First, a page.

Emergency Care and Material Contribution in Dr Sido John v Central Manchester and Manchester Children’s University Hospitals NHS Foundation Trust - Katherine Galza, Kingsley
17/02/17. This case began with Dr John sustaining a serious brain injury having fallen down the stairs to his flat. He remained in an unconscious state for some time before he was reached by paramedics, and when arriving at A&E he presented with a low GCS reading (eye opening, verbal response and motor response). A CT scan, performed seven hours later, revealed that there was a blood clot in his brain. As he was being prepared for transportation to a specialised hospital for brain surgery, he experienced a seizure and his ambulance was cancelled, ordered again one hour later, and then was itself delayed for a further hour. Despite the surgeons’ best efforts in performing a left fronto-parietal craniotomy and the subsequent follow up investigations, care, and surgeries, Dr John was left with a severe form of brain damage.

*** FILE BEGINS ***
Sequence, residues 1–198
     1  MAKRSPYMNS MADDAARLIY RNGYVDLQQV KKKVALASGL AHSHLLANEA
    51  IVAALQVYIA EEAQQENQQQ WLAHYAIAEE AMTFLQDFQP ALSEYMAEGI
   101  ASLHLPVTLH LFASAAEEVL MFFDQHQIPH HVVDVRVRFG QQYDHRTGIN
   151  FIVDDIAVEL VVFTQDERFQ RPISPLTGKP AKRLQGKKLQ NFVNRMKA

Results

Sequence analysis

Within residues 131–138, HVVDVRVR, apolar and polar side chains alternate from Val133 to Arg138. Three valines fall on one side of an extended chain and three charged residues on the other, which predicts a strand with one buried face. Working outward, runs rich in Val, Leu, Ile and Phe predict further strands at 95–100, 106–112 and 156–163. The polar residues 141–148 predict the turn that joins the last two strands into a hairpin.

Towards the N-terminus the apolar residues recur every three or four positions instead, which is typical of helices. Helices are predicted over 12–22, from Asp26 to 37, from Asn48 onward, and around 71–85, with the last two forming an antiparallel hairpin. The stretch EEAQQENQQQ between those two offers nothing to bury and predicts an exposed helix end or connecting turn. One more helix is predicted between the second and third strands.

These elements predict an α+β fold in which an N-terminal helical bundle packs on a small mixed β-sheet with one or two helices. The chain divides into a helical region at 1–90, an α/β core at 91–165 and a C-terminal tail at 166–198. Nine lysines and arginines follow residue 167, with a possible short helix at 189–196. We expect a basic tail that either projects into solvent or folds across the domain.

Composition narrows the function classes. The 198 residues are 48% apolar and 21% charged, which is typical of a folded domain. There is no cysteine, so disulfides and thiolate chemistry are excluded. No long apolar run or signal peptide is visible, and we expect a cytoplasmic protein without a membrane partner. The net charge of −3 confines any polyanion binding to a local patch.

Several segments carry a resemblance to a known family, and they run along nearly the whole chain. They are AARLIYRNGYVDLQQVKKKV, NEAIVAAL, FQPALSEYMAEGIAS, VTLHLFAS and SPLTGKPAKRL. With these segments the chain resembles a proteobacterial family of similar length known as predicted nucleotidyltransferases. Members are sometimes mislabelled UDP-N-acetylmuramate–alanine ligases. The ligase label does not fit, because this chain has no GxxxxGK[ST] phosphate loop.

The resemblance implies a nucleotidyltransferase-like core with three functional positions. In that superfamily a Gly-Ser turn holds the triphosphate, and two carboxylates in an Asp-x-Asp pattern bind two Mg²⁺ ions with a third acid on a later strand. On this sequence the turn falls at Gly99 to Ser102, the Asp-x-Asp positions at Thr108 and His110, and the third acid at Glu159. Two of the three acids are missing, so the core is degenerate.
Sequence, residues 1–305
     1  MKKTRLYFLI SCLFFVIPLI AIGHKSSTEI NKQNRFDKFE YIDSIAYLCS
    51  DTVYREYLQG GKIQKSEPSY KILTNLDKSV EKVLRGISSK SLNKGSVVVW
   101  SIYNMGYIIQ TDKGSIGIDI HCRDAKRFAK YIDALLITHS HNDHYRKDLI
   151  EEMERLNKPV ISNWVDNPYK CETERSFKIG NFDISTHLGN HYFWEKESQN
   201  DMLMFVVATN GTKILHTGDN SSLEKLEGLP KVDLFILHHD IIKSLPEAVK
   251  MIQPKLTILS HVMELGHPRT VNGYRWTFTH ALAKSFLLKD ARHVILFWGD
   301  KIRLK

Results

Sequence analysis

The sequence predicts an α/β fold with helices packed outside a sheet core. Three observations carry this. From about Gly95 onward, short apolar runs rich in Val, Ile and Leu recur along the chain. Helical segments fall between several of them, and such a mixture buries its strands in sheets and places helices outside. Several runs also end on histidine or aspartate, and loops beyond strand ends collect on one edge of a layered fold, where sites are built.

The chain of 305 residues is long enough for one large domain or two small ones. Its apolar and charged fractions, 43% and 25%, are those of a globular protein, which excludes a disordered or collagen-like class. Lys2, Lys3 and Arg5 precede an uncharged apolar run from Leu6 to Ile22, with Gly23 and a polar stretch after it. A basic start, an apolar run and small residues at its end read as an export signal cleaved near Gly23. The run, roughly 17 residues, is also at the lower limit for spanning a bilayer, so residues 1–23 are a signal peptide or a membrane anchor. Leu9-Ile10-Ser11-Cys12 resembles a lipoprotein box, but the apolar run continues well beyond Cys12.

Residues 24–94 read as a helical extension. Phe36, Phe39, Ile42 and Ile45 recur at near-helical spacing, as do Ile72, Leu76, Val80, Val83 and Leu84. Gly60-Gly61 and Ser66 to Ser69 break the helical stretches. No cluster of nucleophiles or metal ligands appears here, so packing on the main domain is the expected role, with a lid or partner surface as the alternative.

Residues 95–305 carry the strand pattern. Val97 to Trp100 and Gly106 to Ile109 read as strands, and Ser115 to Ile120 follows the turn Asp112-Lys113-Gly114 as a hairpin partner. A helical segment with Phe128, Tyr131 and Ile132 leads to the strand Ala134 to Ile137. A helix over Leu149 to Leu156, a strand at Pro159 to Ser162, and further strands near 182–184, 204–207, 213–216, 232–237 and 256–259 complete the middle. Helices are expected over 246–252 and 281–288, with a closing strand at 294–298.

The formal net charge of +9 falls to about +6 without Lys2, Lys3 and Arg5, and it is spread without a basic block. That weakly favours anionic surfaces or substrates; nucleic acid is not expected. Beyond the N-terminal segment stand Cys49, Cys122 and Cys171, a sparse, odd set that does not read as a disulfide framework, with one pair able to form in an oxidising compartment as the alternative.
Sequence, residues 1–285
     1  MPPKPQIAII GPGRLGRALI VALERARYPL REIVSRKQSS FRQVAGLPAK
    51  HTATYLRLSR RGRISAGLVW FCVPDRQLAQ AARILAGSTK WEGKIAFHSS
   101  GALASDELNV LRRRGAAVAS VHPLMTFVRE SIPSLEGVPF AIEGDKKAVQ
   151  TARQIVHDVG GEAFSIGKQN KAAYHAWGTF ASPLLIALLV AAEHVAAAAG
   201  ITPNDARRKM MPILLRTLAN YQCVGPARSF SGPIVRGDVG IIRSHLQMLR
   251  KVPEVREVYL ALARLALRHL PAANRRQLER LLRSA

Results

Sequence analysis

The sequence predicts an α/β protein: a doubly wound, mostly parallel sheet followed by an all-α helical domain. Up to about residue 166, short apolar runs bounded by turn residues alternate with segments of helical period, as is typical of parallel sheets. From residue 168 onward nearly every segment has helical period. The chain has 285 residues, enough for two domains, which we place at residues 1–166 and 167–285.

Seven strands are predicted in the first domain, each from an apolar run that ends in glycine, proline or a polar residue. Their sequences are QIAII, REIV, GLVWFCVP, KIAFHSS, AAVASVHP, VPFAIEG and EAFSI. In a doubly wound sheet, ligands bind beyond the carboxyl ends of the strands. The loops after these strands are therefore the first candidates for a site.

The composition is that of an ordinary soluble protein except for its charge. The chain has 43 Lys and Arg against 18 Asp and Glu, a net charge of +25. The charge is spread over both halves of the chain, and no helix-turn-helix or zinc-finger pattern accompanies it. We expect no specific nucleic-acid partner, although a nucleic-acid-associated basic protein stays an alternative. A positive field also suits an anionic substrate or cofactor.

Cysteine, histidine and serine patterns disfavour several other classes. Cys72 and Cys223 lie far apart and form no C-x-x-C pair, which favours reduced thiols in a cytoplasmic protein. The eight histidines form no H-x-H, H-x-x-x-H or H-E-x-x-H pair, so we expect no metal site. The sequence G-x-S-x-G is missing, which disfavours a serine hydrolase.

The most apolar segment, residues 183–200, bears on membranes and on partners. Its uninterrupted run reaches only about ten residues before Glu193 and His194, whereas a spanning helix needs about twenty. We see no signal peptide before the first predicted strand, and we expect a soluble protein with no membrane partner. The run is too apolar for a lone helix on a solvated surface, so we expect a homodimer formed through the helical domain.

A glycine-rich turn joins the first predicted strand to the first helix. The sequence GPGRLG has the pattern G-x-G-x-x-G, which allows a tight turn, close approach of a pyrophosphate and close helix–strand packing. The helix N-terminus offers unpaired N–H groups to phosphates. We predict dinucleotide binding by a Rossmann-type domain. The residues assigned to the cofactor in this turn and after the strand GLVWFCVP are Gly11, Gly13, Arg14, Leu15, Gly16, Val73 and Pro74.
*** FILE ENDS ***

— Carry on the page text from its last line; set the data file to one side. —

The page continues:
Dr John’s claim is interesting for a number of reasons. It was clear that he had already injured himself pretty badly in the first place and that the trust, having left Dr John effectively untreated for seven hours, had breached its duty of care towards him. The question was then, to what extent did this delay cause Dr John to suffer the severity of brain damage he ultimately sustained? The particular factual issue to be determined in Dr John’s case was whether he was presenting with intra-cranial pressure (‘ICP’) upon his arrival at A&E. If left untreated, ICP can severely exacerbate brain trauma. The existence of Dr John’s ICP was proven in two ways. First, as one expert argued, although ICP did not appear on the CT scan, the approach should have been “treat the man not the scan”, as Dr John had displayed all the physical signs of ICP (eg. dysphasia). Second, the presence of ICP during the operation, as noted by one of the surgeons, provided conclusive evidence that any delay in Dr John’s treatment would...
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